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Publication numberUS7206464 B2
Publication typeGrant
Application numberUS 10/433,188
PCT numberPCT/US2001/044750
Publication dateApr 17, 2007
Filing dateNov 29, 2001
Priority dateNov 29, 2000
Fee statusPaid
Also published asEP1410626A1, EP1410626A4, EP1410626B1, US20040081372, WO2002063874A1, WO2002063874A8
Publication number10433188, 433188, PCT/2001/44750, PCT/US/1/044750, PCT/US/1/44750, PCT/US/2001/044750, PCT/US/2001/44750, PCT/US1/044750, PCT/US1/44750, PCT/US1044750, PCT/US144750, PCT/US2001/044750, PCT/US2001/44750, PCT/US2001044750, PCT/US200144750, US 7206464 B2, US 7206464B2, US-B2-7206464, US7206464 B2, US7206464B2
InventorsElias S. Haim, Brent D. Larson
Original AssigneeHoneywell International, Inc.
Export CitationBiBTeX, EndNote, RefMan
External Links: USPTO, USPTO Assignment, Espacenet
Method and apparatus for reduction of perceived display reflections
US 7206464 B2
Abstract
A method and apparatus for reducing the magnitude and edge clarity of the luminosity of an undesired image of a external object reflected from a portion of a surface of a visual display into the eye of a user includes placing a cover in the path of the reflected image. The cover has a surface portion which is not parallel to the portion of the surface of the display. As result the reflections from the cover and from the display surface portions provide multiple images of the external object to the user each having a luminosity magnitude which is less than the magnitude of the luminosity of the undesired image that would occur if the cover was parallel to the display surface portion thereby resulting in super-imposed images.
Images(4)
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Claims(19)
1. An electronic display for providing visual information being viewed by a user, the display having a first surface portion which tends to reflect an undesirable image of an object external to the display into the view of the user, said undesirable image tending to interfere with the information, said display comprising:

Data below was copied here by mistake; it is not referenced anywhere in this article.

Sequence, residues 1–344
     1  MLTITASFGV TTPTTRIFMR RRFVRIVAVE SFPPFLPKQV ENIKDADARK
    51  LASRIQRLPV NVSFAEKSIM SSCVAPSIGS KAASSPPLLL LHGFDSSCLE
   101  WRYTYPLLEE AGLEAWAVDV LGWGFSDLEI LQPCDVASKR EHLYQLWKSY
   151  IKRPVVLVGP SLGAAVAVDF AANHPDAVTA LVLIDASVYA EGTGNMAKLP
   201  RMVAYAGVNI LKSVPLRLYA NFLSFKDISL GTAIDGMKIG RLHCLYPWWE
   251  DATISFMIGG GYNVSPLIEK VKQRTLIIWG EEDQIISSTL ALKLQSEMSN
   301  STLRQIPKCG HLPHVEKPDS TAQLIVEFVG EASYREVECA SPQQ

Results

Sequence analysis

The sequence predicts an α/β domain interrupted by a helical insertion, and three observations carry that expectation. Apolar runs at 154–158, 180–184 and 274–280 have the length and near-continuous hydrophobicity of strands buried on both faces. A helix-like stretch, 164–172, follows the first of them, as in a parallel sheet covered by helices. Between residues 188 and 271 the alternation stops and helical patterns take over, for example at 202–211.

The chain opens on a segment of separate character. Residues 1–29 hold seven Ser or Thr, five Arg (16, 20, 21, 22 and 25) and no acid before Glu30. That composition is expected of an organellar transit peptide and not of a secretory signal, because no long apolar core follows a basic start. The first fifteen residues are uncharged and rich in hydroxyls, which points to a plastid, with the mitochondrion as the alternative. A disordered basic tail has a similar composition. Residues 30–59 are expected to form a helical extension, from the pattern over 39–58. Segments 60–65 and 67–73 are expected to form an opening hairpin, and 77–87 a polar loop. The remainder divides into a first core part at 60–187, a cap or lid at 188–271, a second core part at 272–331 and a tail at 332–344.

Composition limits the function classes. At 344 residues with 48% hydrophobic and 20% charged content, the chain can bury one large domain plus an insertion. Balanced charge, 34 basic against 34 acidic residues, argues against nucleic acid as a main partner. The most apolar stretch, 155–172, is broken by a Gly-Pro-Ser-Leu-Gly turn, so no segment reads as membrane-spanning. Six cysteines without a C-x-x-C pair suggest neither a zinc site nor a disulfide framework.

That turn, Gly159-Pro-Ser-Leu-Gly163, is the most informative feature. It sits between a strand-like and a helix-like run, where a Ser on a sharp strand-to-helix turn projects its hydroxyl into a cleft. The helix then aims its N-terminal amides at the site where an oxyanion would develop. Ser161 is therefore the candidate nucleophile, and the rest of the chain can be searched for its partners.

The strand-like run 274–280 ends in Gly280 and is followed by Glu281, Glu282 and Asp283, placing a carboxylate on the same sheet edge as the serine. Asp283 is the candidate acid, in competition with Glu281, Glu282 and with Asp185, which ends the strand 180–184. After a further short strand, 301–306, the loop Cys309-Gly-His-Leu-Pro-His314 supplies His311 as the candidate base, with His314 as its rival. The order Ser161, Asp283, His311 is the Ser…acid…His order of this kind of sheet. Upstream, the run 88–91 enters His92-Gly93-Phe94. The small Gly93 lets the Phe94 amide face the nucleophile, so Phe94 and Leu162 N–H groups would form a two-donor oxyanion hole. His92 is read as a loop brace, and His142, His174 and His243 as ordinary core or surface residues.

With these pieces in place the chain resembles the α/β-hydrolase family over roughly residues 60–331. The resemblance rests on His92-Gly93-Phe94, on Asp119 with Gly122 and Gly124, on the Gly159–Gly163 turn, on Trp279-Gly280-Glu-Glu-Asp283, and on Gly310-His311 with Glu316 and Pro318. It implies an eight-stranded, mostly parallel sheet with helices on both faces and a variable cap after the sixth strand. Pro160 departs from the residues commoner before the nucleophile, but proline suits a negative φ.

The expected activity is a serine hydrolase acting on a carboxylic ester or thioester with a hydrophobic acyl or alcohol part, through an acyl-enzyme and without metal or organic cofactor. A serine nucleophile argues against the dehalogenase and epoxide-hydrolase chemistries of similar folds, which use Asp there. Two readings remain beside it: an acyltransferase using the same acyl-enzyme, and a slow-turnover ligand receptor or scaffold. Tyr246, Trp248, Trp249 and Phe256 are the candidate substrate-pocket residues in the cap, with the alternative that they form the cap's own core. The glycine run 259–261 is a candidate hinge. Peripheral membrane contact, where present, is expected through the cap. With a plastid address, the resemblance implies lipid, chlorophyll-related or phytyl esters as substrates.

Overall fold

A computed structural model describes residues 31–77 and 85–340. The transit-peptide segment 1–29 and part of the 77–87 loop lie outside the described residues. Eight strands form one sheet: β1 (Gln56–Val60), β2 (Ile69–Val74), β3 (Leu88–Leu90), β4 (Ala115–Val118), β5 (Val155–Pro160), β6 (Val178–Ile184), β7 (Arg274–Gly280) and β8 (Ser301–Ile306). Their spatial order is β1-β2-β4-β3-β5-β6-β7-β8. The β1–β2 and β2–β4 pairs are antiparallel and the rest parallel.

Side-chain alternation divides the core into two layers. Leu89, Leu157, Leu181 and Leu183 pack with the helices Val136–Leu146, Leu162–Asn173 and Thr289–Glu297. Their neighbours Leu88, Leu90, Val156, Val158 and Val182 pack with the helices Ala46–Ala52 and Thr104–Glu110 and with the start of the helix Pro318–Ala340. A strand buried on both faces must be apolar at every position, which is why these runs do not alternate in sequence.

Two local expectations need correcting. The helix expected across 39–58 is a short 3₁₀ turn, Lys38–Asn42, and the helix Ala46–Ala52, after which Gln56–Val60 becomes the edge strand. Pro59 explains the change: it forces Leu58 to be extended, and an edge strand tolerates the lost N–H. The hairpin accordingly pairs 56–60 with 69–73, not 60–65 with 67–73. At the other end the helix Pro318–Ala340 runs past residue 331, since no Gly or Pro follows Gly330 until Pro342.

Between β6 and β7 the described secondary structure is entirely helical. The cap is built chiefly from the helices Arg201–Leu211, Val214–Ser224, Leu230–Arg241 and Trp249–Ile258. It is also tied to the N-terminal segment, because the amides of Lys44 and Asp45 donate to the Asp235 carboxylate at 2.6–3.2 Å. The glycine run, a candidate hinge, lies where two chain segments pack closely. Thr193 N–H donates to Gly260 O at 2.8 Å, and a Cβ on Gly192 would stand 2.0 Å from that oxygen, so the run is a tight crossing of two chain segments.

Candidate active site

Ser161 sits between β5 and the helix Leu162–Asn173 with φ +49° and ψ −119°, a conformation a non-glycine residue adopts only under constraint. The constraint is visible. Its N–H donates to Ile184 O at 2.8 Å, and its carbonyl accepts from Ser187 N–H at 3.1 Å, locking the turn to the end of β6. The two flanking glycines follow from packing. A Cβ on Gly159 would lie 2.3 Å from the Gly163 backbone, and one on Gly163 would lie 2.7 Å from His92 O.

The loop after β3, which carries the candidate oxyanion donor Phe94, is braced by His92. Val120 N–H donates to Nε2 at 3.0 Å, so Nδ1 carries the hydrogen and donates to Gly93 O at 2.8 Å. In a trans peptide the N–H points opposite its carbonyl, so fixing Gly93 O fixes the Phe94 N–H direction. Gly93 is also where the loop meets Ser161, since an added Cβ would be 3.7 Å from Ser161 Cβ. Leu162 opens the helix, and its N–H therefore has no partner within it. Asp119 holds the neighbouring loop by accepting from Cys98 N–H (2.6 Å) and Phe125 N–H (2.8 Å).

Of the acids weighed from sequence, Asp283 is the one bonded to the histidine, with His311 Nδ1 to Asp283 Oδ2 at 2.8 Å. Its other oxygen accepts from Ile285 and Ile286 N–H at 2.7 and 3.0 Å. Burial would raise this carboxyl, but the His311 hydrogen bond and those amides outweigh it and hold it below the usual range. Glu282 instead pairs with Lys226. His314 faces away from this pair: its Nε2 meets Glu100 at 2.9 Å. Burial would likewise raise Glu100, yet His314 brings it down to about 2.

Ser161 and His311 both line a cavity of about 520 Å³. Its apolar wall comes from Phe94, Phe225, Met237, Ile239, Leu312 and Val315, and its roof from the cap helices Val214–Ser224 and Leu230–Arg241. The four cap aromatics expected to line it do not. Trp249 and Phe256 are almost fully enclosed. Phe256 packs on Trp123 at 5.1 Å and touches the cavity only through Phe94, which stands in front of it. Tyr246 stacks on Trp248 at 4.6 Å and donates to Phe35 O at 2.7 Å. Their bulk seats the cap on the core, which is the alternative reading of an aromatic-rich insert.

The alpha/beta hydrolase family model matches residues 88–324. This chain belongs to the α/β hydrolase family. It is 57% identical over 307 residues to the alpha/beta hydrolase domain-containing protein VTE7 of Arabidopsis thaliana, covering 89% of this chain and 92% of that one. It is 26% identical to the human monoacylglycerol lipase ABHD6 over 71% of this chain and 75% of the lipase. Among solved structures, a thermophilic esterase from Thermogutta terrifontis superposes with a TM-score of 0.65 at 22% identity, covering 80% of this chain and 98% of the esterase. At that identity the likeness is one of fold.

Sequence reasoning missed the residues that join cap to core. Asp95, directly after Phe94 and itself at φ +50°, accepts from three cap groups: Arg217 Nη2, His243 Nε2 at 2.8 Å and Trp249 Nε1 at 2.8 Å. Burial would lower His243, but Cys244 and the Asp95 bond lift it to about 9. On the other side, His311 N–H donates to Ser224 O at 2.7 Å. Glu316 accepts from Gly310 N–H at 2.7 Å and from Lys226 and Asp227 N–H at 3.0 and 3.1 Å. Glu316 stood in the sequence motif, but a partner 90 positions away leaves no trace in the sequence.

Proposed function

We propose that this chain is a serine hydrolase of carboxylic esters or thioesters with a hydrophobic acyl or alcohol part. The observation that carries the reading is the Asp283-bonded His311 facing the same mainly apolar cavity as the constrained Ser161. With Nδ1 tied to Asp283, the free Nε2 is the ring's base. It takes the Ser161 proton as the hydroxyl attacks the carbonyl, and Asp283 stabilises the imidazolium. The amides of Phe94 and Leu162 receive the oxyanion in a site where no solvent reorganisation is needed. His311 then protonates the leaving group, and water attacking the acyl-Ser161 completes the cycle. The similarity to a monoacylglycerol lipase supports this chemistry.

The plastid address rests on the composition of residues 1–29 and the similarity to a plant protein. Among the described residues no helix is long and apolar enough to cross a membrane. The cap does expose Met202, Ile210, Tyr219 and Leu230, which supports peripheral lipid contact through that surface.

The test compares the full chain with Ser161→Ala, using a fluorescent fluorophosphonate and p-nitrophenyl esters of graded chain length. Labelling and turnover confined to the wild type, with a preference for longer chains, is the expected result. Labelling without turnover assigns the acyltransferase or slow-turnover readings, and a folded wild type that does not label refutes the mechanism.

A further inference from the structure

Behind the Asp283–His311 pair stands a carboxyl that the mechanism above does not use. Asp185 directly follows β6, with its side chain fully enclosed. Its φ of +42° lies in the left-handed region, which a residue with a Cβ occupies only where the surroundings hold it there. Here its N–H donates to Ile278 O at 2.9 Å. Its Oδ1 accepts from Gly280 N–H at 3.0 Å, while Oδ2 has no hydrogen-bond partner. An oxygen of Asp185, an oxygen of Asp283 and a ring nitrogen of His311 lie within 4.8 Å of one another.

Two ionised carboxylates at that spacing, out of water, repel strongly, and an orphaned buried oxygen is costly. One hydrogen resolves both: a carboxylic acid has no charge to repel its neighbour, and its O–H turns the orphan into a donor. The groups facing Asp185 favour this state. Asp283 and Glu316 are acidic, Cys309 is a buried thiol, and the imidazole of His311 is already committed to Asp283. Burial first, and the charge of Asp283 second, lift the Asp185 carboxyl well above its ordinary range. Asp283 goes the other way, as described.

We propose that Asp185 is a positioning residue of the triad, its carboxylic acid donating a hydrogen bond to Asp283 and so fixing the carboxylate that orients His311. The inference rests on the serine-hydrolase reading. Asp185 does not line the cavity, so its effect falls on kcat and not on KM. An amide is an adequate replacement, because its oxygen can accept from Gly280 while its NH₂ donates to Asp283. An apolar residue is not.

a cover positioned next to said first surface portion of said electronic display, said cover having a second surface portion arranged to be non parallel to said first surface portion; and
said first and second surface portions thereby reflecting separate dispersed images of the object to thereby provide reduced interference with the visual information being viewed by the user.
2. The electronic display of claim 1 wherein said cover has a curved surface.
3. The electronic display of claim 1 wherein said cover is concave.
4. The electronic display of claim 1 wherein said cover is convex.
5. The electronic display of claim 1 wherein said cover has an undulating surface.
6. The electronic display of claim 1 wherein the first surface portion has a curved surface.
7. The electronic display of claim 1 wherein the first surface portion is convex.
8. The electronic display of claim 1 wherein said first and second surface portions are planar.
9. The electronic display of claim 1 wherein said cover further has a third surface portion arranged to be non parallel to said first surface portion; and
said first and third portions thereby reflecting separate images of the external object.
10. The electronic display of claim 9 wherein said cover has a wedge shaped side view.
11. The electronic display of claim 9 wherein said first surface portion is rotated about an axis with respect to said second surface portion so that said first portion is not parallel to said second portion.
12. An electronic display providing visual information to a user, the electronic display having a first planar surface portion which tends to reflect an undesirable image of an object external to the display into the view of the user, the undesirable image having a luminosity of a first magnitude, said display further including:
cover positioned next to the first planar surface portion of said electronic display;